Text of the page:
C# DateTime ToString: Changing Your Variable Data Type

javadatatypesIn any programming language, you’ll find the need to change a variable’s data type. Some languages make it difficult, but C# makes it easy to switch from one data type to a string. You switch from the DateTime format to a string using the “ToString()” method. This method is an invaluable tool when you write any C# program whether it’s a console, web app or Windows service.

Take a quick fundamental C# course at Udemy.com

Creating a DateTime Variable

The DateTime structure defines several properties and methods that let you work with dates. Instead of worrying about the right format, the DateTime structure gives you the option to format your dates and times using only one method. This makes it much easier, especially when you need to work with several dates at a time. Instead of creating a custom method to format each date, you simply use the DateTime structure’s internal methods.

The following code shows you how to create a date in C#:

DateTime mydate = DateTime.Now;

The “Now” property is one of those simple properties that makes it easy to work with dates. Instead of calling the operating system’s internal DLLs and retrieving the system date and time, the “Now” property does all of that for you. In the example code above, the “mydate” variable contains the current date and time registered on the local machine.

Understand how to work with C# data types at Udemy.com

Now, what happens when you want to print the date to the screen or use it with another string? If you try to use a DateTime without converting it first to a string, your program will display an error and crash. Consider the following code:

DateTime mydate = DateTime.Now;

Console.Write(“The current date and time is: “ + mydate.ToString());

Notice the “ToString()” method in the above code. This code converts the date to a string before using it to display the current date and time to the user in the console. When you work with C#, you will notice that several lines of code use the ToString method, especially when you work with front-end GUI applications.

Other ToString Uses

You can use the ToString method with several other data types. You can use it with integers, dates, decimals and even objects.

Consider the following code:

int mynumber = 0;

The above code declares an integer value. You can only manipulate this variable with other integer values. To use it with a string (or any other data type), you need to convert it to the corresponding string data type. The following code changes the value to a string data type that contains the value “0”:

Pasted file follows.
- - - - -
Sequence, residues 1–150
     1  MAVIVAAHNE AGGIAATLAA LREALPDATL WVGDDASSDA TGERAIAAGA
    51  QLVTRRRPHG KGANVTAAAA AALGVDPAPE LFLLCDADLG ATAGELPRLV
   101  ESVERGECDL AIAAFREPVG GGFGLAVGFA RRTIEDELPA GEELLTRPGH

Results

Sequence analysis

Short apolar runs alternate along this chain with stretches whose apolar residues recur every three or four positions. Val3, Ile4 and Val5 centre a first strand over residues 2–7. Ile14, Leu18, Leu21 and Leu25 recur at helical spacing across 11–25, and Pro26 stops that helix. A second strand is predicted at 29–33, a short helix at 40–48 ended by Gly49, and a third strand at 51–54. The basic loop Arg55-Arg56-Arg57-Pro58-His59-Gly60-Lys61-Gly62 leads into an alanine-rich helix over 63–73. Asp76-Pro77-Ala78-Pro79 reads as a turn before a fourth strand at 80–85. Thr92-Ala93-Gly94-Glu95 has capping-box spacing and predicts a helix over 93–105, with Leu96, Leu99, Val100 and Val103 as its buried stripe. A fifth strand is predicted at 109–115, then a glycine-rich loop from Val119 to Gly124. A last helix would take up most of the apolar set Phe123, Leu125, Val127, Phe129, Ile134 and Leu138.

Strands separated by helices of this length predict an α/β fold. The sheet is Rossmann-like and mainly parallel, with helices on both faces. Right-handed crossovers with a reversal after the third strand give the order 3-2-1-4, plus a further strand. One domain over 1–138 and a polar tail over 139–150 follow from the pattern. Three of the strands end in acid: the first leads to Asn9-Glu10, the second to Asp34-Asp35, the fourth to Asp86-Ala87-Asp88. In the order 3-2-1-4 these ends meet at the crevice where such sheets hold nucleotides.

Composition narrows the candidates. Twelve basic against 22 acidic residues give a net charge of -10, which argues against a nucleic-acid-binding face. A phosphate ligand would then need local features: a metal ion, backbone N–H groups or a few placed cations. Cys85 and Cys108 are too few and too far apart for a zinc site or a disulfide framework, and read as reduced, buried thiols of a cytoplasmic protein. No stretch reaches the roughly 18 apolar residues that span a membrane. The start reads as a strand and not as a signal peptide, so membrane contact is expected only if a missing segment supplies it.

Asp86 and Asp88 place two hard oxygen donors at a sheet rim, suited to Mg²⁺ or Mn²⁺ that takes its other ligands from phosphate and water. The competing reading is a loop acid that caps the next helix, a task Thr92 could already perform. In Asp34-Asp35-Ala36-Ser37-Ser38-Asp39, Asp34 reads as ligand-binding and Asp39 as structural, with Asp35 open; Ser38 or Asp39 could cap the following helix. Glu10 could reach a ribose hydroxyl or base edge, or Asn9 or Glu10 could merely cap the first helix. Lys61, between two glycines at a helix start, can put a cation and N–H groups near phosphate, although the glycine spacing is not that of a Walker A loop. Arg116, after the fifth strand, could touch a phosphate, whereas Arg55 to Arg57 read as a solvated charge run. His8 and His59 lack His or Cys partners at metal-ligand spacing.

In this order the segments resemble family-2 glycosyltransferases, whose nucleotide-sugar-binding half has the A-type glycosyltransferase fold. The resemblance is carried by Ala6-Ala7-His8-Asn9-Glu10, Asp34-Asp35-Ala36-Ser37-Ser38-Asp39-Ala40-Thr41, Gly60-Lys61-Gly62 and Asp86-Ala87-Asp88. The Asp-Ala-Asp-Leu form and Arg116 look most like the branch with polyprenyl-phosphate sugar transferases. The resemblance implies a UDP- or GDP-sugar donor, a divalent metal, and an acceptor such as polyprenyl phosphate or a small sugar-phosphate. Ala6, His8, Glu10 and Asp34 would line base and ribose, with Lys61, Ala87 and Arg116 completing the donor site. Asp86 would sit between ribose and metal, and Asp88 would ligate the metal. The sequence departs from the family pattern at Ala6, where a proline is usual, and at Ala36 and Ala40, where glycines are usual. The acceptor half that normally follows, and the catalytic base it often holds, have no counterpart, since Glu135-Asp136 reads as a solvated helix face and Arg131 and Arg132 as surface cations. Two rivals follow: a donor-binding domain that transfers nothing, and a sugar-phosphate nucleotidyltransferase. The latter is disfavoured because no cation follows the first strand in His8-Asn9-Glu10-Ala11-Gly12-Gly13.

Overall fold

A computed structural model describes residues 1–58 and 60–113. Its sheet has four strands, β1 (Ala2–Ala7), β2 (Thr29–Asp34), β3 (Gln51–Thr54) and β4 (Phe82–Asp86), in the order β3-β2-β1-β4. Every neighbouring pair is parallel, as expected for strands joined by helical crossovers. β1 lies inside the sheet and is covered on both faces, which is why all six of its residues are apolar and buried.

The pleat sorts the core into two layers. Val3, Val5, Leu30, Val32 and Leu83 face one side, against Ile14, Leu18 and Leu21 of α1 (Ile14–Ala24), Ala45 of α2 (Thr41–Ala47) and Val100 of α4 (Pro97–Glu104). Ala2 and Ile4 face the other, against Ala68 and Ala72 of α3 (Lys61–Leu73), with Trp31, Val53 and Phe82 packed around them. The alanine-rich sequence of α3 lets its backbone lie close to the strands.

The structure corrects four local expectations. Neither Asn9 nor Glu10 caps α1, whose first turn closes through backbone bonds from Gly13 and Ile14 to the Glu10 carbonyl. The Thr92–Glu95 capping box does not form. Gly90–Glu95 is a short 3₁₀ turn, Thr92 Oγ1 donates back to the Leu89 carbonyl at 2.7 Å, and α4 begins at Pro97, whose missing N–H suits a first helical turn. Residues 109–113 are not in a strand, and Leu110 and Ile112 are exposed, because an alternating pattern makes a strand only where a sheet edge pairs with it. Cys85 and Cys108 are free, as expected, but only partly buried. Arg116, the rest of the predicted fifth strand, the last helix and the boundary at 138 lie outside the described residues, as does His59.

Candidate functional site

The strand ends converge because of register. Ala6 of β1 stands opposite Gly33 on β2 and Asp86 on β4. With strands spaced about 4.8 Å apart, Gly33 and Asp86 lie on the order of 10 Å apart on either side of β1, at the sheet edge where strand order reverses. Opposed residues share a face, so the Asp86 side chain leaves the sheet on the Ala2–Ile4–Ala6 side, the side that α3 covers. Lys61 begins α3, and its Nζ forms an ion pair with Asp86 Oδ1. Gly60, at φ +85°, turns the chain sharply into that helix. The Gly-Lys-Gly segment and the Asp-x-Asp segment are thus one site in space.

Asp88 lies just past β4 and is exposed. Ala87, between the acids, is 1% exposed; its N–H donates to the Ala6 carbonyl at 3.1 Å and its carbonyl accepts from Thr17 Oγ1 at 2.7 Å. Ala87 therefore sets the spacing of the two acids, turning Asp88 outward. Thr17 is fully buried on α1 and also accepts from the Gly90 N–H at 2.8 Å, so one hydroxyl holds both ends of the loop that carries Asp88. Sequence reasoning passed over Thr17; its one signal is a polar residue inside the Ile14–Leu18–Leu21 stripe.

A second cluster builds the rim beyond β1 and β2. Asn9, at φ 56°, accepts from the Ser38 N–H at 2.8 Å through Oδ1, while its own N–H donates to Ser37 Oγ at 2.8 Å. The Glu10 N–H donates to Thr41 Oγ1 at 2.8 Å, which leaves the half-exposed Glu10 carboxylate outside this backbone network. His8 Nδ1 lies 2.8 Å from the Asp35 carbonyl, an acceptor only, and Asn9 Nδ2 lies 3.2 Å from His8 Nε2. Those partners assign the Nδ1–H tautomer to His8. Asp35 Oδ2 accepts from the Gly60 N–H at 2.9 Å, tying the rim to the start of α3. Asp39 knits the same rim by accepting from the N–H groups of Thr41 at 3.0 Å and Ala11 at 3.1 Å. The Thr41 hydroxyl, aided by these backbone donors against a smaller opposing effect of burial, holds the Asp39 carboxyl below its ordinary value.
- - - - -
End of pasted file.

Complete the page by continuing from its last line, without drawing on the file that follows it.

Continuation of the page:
int mynumber = 0;

string myconvertednumber = mynumber.ToString();

Notice that the variables are lower case but “ToString” always uses a certain format. C# is case sensitive, so you must use the exact upper and lower case letters set up in the structure’s method. In other words, if you tried to run “mynumber.tostring(),” your compiler would throw and error and you would be forced to change the method to the proper format.

The ToString method is also available using the “Convert” class. The Convert class lets you transfer between different data types. For instance, the ToString method converts data to a string, but what if you want to convert to an integer first and then convert your variable to a string? You need the Convert class to switch between data types.

Consider the following code:

string myval = “23”;

Although a number is stored in “myval,” the quotes indicate to the compiler that the data type is a string. However, since the value is actually a number, it can be converted to the integer data type using Convert. The following code converts the variable to an integer:

string myval = “23”;

int convertedval = Convert.ToInt32(myval);

The above statement converts the string value to an integer and stores it in the convertedval variable. You can also use this same Convert class to convert a value to a date and a time. For instance, the following code creates a date and a time variable that is actually set up as a string. The code later converts the string to a date and a time (the opposite of what was created in the first example):

string mydate = “4/13/2013”;

DateTime myrealdate = Convert.ToDateTime(mydate);

The above code performs exactly the opposite of what was created using the ToString method. The value was first set up as a string and then later converted to a date. This is important when you need to alternate between two data types to manipulate dates and print them out to your GUI.

You can also use the ToString method to print out multiple values. For instance, you might have a list of numbers and need to print them out to the console. The following code is an example of this type of structure:

foreach (var number in numbers)


Console.WriteLine(“This is number “ + number.ToString());


In the above code, an enumerable item named “numbers” is looped through using the foreach statement. Although the code does not show the numbers list being created, you can assume it is a list of numbers from the code. To keep your code clean and to avoid any bugs, you convert the number to a string before you print it to the console. Each item is given the variable name “number” and this number is converted to a string before it’s printed to the console.

Strings are just one data type you will encounter when you work with the C# programming language. Learning data types is a part of any programming language, but once you understand one, you will have an easier time learning other languages. For instance, the Java language has a toString() method you can use to convert to a string. Converting between data types will be a common process when you work in the programming industry.

Go from a beginner to an advanced C# coder with a programming class at Udemy.com